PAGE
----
Can Foster Carers Claim Council Tax Reduction & Housing Benefits?
Fostering income isn’t taken into account when determining Council Tax relief and Housing Benefit. However, many foster carers don’t realise this, with hundreds missing out on these valuable benefit entitlements.
Keep reading for guidance on Council Tax reduction for Foster Carers and details on claiming housing benefits.
Do Foster Carers Pay Council Tax? Do Foster Carers Get Council Tax Relief?
Foster carers can receive Council Tax relief if they’re on a low income or claim benefits. In some circumstances, their bill can be reduced by as much as up to 100%.
Whether you own your own home, rent, are unemployed or working, you can apply for this Council Tax benefit. However, the amount of discount is determined by:
- The governing local authority – each council runs its own scheme
- Personal circumstances – i.e. income, number of children, benefits, residency status
- Household income – this excludes fostering income but includes savings, pensions and partner incomes
- If other children or adults are in the household
Can Foster Carer Get Universal Credit?
You can claim universal credit as a carer as long as you satisfy the eligibility rules. To find out more, read our guidance on Universal Credit & Foster Carers
Can Foster Carers Claim Housing Benefits?
Housing Benefit entitlement is decided by your local council and be used to pay for part of or all of your rent. How much is granted depends on the individual’s income (usually less than £16,000) and circumstances (on a low income or claiming benefits).
Both employed and unemployed foster carers can apply for housing benefit. They may also be able to get help with their rent if their benefits stop too. However, Housing Benefit can’t be paid for heating, hot water, energy, or food.
Note – if you’re single and under the age of 35, you can only receive Housing Benefit for a bedsit or a single room within shared accommodation.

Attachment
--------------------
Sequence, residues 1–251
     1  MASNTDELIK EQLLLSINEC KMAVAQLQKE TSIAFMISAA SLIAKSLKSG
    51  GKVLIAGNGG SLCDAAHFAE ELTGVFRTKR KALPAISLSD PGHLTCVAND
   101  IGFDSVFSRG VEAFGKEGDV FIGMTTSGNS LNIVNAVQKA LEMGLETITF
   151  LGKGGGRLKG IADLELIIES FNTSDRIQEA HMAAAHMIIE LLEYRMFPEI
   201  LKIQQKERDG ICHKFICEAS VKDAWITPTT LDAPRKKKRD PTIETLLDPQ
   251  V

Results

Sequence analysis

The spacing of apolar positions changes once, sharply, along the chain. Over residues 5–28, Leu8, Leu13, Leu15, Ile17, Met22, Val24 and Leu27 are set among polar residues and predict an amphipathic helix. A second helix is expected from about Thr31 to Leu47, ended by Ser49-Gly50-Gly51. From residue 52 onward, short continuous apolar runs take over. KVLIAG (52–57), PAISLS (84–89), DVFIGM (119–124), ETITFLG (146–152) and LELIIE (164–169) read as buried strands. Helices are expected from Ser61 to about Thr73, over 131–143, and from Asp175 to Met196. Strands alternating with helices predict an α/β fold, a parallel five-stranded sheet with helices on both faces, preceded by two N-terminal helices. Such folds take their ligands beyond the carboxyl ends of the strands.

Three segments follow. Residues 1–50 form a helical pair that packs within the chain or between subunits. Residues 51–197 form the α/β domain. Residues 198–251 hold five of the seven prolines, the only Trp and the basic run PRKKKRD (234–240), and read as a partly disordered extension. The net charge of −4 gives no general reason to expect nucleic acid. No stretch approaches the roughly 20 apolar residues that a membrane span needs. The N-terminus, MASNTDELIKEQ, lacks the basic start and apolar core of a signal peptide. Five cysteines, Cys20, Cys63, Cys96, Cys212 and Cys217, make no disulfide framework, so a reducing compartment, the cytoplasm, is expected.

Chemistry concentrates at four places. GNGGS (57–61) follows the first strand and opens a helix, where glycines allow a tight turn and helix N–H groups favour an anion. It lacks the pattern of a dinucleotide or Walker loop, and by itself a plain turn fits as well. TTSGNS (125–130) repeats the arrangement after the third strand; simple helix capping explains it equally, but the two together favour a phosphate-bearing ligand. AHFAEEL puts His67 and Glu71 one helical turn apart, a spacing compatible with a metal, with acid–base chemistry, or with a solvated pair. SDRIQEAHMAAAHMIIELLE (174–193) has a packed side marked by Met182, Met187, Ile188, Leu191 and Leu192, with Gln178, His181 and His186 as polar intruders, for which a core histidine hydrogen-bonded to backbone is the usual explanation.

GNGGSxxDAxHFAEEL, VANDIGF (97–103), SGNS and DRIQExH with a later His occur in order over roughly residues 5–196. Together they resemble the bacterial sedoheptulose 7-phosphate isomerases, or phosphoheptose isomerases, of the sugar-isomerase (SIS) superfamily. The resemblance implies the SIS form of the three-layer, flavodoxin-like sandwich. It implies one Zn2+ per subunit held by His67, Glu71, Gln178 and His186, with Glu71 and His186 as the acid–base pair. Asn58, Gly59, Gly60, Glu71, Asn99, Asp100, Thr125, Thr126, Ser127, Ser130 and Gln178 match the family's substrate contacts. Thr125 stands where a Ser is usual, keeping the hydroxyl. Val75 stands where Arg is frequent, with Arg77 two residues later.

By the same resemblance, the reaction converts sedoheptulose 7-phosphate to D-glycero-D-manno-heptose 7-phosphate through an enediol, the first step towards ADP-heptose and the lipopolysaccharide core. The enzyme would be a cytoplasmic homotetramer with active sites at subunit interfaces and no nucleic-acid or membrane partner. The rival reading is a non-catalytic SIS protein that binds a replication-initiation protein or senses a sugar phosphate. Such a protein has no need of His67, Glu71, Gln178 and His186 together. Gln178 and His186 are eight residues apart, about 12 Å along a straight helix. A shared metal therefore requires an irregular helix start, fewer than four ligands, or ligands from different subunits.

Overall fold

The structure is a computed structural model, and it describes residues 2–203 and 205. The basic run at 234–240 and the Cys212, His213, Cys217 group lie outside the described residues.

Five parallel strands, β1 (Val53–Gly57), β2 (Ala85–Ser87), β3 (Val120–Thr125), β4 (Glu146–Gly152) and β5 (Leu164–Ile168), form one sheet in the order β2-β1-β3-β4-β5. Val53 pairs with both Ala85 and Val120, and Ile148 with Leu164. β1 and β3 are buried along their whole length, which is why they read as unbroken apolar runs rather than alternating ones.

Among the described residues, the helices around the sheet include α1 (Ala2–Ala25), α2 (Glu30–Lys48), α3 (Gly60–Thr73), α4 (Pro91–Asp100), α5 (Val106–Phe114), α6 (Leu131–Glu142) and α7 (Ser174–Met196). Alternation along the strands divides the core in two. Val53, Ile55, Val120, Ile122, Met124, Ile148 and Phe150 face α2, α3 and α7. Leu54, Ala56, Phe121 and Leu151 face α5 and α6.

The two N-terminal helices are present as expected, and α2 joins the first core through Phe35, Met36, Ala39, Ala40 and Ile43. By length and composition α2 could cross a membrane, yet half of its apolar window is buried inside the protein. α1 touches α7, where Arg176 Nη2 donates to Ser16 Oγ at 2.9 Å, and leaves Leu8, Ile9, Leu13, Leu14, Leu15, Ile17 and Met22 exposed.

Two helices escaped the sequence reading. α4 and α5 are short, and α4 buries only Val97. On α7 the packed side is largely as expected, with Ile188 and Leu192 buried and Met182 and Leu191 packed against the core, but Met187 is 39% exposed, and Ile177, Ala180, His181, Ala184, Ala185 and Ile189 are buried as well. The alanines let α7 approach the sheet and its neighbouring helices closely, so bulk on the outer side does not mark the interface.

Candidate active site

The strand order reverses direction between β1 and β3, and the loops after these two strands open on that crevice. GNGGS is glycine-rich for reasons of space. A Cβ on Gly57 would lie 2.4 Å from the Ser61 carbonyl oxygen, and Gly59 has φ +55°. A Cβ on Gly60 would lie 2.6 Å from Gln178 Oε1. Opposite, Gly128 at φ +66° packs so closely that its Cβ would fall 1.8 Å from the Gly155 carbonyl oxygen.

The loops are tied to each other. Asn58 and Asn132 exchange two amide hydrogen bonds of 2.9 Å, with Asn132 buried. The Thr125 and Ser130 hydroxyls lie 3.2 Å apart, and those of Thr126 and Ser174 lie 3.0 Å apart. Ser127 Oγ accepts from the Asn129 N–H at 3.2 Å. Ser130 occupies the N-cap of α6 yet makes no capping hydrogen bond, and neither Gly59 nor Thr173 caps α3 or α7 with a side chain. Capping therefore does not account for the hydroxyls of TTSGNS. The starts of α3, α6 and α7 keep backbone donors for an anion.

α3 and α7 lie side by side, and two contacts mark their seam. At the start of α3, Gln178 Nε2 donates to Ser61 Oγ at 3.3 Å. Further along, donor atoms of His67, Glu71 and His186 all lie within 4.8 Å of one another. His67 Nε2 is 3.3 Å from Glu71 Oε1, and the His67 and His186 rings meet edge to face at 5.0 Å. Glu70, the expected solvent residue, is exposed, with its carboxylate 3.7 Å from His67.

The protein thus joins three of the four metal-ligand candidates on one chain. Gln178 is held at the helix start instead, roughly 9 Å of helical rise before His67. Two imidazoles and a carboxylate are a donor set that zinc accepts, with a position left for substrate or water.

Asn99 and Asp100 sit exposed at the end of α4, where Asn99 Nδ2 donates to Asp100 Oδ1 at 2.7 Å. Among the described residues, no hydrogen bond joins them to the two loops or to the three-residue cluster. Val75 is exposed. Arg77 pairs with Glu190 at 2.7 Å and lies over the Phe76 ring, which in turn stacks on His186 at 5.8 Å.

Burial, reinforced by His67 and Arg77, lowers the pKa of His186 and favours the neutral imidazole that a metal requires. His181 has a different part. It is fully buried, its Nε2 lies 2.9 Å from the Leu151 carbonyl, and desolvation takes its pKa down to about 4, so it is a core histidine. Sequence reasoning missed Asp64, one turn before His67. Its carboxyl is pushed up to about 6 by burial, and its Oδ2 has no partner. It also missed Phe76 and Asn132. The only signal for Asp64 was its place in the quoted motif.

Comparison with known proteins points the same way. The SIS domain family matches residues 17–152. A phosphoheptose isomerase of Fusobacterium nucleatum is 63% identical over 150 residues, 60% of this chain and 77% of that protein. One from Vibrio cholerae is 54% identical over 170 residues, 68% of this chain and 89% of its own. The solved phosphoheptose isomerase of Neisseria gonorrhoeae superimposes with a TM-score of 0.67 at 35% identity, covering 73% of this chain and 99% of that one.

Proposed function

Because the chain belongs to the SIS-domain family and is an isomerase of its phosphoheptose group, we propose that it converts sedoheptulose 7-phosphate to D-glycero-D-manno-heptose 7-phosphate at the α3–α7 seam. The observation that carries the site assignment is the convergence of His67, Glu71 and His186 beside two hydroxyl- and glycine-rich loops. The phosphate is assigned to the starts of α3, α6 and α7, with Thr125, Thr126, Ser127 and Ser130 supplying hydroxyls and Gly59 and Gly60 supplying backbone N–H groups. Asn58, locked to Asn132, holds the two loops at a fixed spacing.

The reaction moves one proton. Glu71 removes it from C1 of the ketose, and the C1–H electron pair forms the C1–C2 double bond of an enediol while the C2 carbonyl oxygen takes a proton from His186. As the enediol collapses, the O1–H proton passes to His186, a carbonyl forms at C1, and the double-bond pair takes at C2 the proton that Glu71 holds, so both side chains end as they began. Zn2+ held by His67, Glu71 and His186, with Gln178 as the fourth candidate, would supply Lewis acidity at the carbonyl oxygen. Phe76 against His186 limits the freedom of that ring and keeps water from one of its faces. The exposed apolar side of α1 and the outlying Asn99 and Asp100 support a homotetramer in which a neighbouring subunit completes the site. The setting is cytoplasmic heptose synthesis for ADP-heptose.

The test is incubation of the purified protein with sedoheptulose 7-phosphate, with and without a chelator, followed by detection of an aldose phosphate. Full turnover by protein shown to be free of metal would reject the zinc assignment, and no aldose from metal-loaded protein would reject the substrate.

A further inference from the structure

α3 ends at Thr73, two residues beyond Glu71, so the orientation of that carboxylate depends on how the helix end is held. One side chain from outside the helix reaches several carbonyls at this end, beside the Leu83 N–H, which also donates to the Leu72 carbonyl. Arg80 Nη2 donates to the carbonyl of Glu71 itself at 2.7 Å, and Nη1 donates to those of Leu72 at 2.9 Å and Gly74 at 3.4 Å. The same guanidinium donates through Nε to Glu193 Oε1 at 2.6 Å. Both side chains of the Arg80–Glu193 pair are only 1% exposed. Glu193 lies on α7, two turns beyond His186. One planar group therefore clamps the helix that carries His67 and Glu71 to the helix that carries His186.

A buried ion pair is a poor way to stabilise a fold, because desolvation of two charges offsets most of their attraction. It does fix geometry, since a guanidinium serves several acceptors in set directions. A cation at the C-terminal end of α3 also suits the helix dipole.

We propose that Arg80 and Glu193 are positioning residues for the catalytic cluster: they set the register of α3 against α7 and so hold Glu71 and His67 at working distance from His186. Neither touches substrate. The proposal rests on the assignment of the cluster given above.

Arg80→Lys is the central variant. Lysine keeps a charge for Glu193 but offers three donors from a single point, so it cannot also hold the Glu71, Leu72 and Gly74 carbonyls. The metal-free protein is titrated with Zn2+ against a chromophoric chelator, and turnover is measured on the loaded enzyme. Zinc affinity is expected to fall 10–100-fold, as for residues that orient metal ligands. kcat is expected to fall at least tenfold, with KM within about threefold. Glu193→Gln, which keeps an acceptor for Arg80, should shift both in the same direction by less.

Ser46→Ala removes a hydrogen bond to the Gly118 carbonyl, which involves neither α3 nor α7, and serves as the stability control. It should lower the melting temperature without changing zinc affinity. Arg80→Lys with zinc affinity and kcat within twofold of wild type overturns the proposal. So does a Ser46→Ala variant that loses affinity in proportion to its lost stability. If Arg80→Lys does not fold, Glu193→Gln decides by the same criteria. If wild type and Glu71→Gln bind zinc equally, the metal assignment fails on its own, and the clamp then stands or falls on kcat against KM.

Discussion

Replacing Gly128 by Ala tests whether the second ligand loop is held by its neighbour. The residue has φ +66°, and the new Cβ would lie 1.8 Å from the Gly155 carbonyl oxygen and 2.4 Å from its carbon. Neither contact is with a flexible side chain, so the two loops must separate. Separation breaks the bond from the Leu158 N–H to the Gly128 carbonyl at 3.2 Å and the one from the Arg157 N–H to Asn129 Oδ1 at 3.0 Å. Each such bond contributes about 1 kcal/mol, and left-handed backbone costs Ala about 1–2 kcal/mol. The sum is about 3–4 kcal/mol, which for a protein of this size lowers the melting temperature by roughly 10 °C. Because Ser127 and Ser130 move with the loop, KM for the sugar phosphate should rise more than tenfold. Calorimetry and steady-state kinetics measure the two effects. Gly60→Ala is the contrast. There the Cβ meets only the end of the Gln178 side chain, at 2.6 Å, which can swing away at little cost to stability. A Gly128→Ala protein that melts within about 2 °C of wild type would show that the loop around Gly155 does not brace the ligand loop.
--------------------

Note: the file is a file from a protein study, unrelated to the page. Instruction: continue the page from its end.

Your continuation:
Council and social housing rent
You may be able to receive help with all or part of your rent. How much you receive depends on:
- Your eligible rent – the reasonable rent for a suitable property in your area (includes service charges, but not factors, such as heating)
- If you have a spare bedroom – your Housing Benefit could be reduced if you live in a council or social housing and have a spare room. This how it’s currently calculated:
- 14% of the eligible rent for one spare room
- 25% of the eligible rent for two or more spare rooms
- Your household income – includes benefits, pensions, and savings (£6,000+) etc.
- Your circumstances – i.e. age of people in the household, if somebody has a disability
Who can share:
- An adult couple
- Two children of the same sex under the age of 16
- Two children under the age of ten (regardless of sex)
Who should have their own room:
- A single adult (aged 16 or over)
- A child that would normally share, but the shared bedrooms have been taken. For example – you have three children and two of them already share
- Children who can’t share because of a disability or medical condition
- A non-resident overnight carer for you or your partner
Note – rooms that belong to students or members of the British Armed or Reserve Forces aren’t classed as being spare if that person intends to return home at some point.
Local Housing Allowance is used to calculate Housing Benefit for tenants who rent privately. How much is granted is usually determined by:
- Household size
- Personal circumstances
Typical Housing Benefit payments for private tenants
|1 bedroom (or shared accommodation)||Up to £260.64|
|2 bedrooms||Up to £302.33|
|3 bedrooms||Up to £354.46|
|4 bedrooms||Up to £417.02|
Where can I find out more?
Do you need help with calculating your Council Tax relief or finding out if you’re entitled to Housing Benefit? For more advice, contact Jobcentre Plus’ dedicated Council Tax relief and Housing Benefit number on 0800 055 6688 (8am to 6pm, Monday to Friday).
To find out what other benefits you could be entitled to, read our guide on Foster Carer Benefits.